Korean Cuisine and Recipes
Korean Recipes and cooking
by Country - September 2005
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North and South Korea form a peninsula
which has a land border with China to the north and a total 4908km of
coastline on the Sea of Japan, Yellow Sea, Korean Bay and Korea
Straight. About two thirds of the country is made up of mountainous and
hilly terrain although there are wide coastal plains in the south and
west, large streams and rivers.
Between the mountains lie lowlands which
were formed by river valleys and sea terraces and as these only
constitute approximately 20 percent of the peninsula, most lowland areas
Due to its position, Korea
has many microclimates although in general it can be described as having
a temperate monsoonal climate ranging from hot and humid in the summer
to bitterly cold in the winter.
times, History and Influences on Korean Cooking
The first inhabitants migrated from North Asia
and are thought to have been nomadic Mongol tribes who had settled there during
the Neolithic Age.
Originally hunter gatherers they soon settled into small farming communities in
the few decent lowland areas where crop cultivation was possible. Evidence shows
that by 3500BC millet was being grown and shortly thereafter various types of
beans including soybeans were being cultivated.
The influence of neighbouring China is clearly shown by the introduction of rice
c2700BC which was particularly suitable for growing in the more southerly parts
of the country. The introduction of iron around 500BC was another important
factor in the development of Korean cuisine not only by way of cooking utensils;
in particular the wok, but also its use in farming equipment which enabled the
small communities to better cultivate their limited farmland. The Chinese also
introduced domesticated animals such as cattle, pigs and poultry, cabbage and of
course, the use of chopsticks.
Unlikely as it may seem, Europeans were also to have a huge, albeit indirect
influence on Korean cuisine. Without their conquests in the 1500s, it is quite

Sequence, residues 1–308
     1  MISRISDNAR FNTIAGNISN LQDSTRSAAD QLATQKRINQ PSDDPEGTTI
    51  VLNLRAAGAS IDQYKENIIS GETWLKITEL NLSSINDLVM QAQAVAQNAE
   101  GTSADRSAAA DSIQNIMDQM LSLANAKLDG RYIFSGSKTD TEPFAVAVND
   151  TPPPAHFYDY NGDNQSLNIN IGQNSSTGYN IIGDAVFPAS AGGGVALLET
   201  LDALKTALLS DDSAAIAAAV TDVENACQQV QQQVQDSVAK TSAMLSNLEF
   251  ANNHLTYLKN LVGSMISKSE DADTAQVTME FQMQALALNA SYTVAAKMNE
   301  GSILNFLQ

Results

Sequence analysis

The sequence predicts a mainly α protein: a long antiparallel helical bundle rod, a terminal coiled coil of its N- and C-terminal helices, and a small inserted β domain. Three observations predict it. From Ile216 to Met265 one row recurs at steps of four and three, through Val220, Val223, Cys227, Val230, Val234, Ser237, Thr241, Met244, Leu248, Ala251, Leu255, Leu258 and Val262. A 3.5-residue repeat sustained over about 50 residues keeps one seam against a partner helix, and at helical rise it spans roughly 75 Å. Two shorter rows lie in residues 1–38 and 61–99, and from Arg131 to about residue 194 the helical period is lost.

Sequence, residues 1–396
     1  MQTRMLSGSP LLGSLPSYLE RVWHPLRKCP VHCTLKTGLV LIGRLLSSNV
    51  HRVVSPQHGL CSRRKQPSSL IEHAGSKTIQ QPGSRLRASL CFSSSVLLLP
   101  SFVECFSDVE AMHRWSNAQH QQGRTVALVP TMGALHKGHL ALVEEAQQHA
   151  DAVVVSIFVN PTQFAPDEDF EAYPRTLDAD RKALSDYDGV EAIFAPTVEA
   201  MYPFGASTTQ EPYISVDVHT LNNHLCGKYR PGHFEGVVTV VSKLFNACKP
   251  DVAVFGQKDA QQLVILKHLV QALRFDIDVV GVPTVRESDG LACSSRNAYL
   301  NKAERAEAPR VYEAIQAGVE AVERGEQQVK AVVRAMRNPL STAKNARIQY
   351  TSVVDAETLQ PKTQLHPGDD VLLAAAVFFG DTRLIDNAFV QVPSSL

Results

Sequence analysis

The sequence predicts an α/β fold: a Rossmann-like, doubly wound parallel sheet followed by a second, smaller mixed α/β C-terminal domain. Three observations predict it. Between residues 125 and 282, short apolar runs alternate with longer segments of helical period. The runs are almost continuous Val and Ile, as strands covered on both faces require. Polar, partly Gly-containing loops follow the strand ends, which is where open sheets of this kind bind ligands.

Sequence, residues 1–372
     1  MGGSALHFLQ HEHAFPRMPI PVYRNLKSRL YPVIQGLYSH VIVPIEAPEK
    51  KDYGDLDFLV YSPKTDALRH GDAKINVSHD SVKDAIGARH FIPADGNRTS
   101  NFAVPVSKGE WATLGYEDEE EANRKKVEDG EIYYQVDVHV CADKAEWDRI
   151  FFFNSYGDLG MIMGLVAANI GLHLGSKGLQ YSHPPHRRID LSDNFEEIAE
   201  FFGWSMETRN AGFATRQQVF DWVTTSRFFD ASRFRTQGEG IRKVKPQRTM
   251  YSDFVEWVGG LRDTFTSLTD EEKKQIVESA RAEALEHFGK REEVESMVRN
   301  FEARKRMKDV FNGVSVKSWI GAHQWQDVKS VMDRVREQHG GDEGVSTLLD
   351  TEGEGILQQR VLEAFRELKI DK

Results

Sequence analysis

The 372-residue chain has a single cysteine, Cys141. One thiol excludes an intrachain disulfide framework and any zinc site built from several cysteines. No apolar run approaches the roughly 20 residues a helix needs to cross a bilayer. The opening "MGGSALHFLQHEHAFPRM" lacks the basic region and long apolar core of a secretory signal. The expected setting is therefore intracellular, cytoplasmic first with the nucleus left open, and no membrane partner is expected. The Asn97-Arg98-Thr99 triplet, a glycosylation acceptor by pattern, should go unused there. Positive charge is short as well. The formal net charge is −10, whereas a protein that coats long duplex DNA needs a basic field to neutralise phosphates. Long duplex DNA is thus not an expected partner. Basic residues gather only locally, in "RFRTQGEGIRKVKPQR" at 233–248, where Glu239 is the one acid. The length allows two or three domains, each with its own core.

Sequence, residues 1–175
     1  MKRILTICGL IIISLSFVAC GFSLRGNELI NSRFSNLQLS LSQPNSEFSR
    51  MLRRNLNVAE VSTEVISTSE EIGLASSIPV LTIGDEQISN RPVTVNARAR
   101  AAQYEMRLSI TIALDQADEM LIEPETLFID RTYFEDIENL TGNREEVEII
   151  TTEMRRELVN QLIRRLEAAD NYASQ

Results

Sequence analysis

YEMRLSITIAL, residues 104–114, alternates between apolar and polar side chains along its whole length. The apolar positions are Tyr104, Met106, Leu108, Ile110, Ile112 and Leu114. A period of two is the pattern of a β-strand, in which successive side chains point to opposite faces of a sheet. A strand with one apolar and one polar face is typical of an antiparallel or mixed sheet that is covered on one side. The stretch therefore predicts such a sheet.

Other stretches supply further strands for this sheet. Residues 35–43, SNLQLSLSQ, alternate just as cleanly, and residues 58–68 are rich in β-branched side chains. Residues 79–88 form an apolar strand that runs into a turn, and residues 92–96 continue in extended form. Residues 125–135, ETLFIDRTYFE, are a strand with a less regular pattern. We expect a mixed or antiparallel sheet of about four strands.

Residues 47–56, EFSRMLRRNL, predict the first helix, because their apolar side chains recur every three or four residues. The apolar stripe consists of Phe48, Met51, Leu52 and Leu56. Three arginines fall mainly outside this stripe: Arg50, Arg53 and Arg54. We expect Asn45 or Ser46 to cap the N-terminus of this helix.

feasible that the Chilli which is native to the America’s, wouldn’t have been
assimilated so completely into Korean cooking. Since the 18th Century chillies
have played an intrinsic part of everyday Korean cuisine.
The other major influence on Korean cooking was the weather and terrain. As
mentioned above, the very cold winters and heavy labour required to cultivate
the land encouraged the eating of hearty meals. Even breakfasts were robust
affairs often consisting of a large bowl of soup with tripe of beef ribs – a
fine start to what was to be a labour intensive day.
With such a large coastline and many rivers and streams, it is not surprising
that fish and seafood (both fresh and dried) have always been staples in many
parts of the country. From the earliest times, the preserving of foods for
winter use, mainly by drying or salting, has played an important role in their
diets – a tradition which is still upheld today.
Day Korean Cuisine
Rice and noodles are still staples however Korean
cooking does differ enormously from neighbouring Chinese and Japanese cooking in
that it makes use of strong and sometimes very pungent flavourings. Having said
that, everyday food is not necessarily spicy hot as, in general, chillies are
often used by means of condiments which can be added by diners to suit their own
tastes. The rice generally eaten in Korea is a sticky rice which can be obtained
by soaking the uncooked rice for 30 minutes prior to cooking.
Traditional households still own large earthenware preserving pots filled with
pickled vegetables (kimchi – see speciality dish) or soybean and chilli pastes
and dried fish, in particular cuttlefish, are eaten by most of the populace.